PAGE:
The Golden Age offers up United States history as only Gore Vidal can, with unrivaled penetration, wit, and high drama, allied to a classical view of human fate. It is a supreme entertainment that will also change listeners' understanding of American history and power.
©2000 Gore Vidal; (P)2000 Random House, Inc.; Bantam Doubleday Dell Audio Publishing, a Division of Random House, Inc.
trying to see the world with my ears
Writers of historical fiction should take notes on Vidal's excellent ability to relate history through snappy dialogue and description that is neither didactic nor pedantic. This is also a fast-paced listen, unlike much historical fiction.
I thought "Golden Age" excellent for its reflection on history/historiography, on America as Empire, and also as a novel in its own right - It seems to be both a modern novel and postmodern at the same time, by a novelist who was a minor actor in the events woven into novel.
One downside to the audiobook: I almost gave up on the listen in the first hours - the narrator seemed to have mastered neither the cadence of Vidal's sentences nor the voices of a couple of the characters, so she seemed to insert herself between listener and novel -- but that resolved by hour three.
Imagine! A novelist warning - in 2000 - about Presidents who trick the American public into supporting an unwanted war - not to mention the military-industrial-entertainment complex's use of drug wars and terrorism to maintain a constant state of mobilization for war - all related in an entertaining story. Vidal manages to relate not only the fictional elements but also the known history in a suspenseful manner.
Not everyone will agree with Vidal's ideas on American history, but he does argue for a view that is widely supported by professional historians.
I have never found Gore Vidal easy to read, but I do get a lot from his books. Listening wasn't much easier. There is a great deal of valuable information in this book and I am glad I stuck with it. He gives a great view of the Great American Aristocracy that came to an end with WWII.
This is my first Vidal book and by the end I liked it. Vidal does history very well, seeming to get his facts all right while inserting fictional characters, including himself. This story really covers the social scene in Washington D.C. from just before WWII to the late 1950s. What I don't like is the cynical criticism of everything. Political leaders who are populist are portrayed as stupid and in need of visionary and intelligent leadership, while elite leaders are discounted from the population and do things totally in their own interest while fooling everyone else. I don't quite know what the resulting point is. Of course Vidal's point is that America's democracy was lost to a ruling class. This was a great book to follow on after Truman, since the time frame is exactly the same
The Great Master of the historical novel leads us impeccably through the Roosevelt/Truman years with wit, hindsight and revelation. May all this great series be soon recorded!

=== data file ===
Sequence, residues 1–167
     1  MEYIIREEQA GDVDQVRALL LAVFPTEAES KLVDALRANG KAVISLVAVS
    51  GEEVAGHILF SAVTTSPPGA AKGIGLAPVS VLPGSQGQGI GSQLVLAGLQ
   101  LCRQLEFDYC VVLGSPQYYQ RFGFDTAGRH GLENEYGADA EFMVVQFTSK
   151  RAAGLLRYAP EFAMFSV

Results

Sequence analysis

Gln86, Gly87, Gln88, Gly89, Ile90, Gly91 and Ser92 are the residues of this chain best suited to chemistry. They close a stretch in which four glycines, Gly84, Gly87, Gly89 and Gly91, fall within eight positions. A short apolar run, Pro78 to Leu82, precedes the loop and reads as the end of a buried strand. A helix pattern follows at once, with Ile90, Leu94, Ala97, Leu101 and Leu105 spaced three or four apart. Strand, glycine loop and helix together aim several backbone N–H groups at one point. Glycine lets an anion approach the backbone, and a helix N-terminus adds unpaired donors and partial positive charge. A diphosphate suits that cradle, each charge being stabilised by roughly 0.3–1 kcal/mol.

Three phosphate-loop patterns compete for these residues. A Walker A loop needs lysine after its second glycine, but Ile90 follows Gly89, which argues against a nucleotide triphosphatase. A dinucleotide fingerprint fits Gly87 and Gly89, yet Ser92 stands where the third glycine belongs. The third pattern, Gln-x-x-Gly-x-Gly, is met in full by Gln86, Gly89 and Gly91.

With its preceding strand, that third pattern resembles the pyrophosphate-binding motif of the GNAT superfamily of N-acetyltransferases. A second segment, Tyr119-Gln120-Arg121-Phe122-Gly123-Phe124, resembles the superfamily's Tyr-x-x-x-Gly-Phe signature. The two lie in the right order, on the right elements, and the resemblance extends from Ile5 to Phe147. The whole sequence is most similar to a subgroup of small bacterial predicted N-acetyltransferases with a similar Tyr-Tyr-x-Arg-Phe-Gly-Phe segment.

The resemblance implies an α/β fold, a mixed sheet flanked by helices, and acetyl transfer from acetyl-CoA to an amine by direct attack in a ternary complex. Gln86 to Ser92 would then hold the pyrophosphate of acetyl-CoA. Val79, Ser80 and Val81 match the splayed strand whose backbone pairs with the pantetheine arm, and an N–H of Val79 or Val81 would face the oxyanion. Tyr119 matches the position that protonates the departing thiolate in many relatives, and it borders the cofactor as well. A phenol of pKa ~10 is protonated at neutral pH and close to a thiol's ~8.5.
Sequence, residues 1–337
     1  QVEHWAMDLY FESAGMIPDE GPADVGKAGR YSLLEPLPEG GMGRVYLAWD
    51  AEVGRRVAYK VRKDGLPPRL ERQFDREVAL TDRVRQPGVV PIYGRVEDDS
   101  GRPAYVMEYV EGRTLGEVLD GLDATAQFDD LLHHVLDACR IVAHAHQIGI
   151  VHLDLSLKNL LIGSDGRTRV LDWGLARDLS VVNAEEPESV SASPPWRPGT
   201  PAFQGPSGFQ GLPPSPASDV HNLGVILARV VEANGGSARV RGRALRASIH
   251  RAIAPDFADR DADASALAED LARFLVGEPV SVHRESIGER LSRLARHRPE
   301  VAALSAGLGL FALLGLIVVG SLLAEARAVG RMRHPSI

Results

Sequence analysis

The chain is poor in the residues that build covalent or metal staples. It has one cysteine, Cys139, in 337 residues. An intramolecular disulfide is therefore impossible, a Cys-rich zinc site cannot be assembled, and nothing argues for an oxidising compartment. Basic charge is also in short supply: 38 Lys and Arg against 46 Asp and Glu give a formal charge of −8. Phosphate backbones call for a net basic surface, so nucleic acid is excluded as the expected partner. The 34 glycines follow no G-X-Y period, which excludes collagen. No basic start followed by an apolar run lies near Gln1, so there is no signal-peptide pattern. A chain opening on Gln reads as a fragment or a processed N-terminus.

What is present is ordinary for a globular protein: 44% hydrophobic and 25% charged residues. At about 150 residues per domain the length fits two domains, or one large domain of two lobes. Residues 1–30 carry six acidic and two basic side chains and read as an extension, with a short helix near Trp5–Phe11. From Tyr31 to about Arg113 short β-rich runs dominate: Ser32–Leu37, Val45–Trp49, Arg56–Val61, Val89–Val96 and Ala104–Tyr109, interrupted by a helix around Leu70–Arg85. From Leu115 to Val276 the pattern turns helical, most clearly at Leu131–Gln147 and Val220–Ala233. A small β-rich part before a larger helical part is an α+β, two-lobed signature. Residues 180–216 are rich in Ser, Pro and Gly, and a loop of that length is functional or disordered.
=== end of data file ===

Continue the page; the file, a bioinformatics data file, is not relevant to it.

With diligence I attempted to make it through Gore Vidal's "The Golden Age". The story is slow, drawn out, and written in a way to make every superficial detail seem as though it is of overwhelming importance to the story. I have to confess, I did not make it through the later portions of the book. It is the epitome of a book that you read only because everyone else is.
Gore Vidal, great as always. The reading however, I couldn't get passed the first hour.
The benefit of audiobooks is being able to hear, clearly, not only the tone of a character but also be able to tell the difference between them. Especially when they are supposed to have British accents. Anne apparently CANNOT do a British accent.
I only continued to listen to this disjointed series of anecdotes because they were well stated - and the narrator is superb. Vidal is a good essayist but superb novelist he is not. Taken as a whole this work amounts to a confusing collection of gossip columns about the wartime White House.
The book is typical of Vidal's self-promotion. He includes himself in the story to continue the myth that he was somehow well connected and to the manor born. In fact, born the son of a low paid military instructor at West Point, his only connection to old money and White House politics was his divorced mother's second marriage to Hugh Auchincloss, who was later the stepfather of Jacqueline Kennedy Onassis. Always the self promoter, Vidal has milked this connection for all its worth. This book reflects that spirit. For example, the author would have you believe that his knowledge of the intimate habits of FDR (such as how he mixes his cocktails)come from Vidal's first hand experience in the day-to-day activity in the wartime White House. All of it is pure fabrication. During the war period, Vidal had no connection with politics and was a lowly enlisted man in a isolated post in Alaska. But his books always try to give the appearance that he is depicting first hand knowledge.
And much like an early version of the aged rock star Madonna, Vidal throws in irrelevant comments to shock his readers such as the inane reference to his housekeeper's vibrator.
Once you finish this book you are left asking yourself why you wasted so many hours listening to manufactured gossip about mid-century American political figures.
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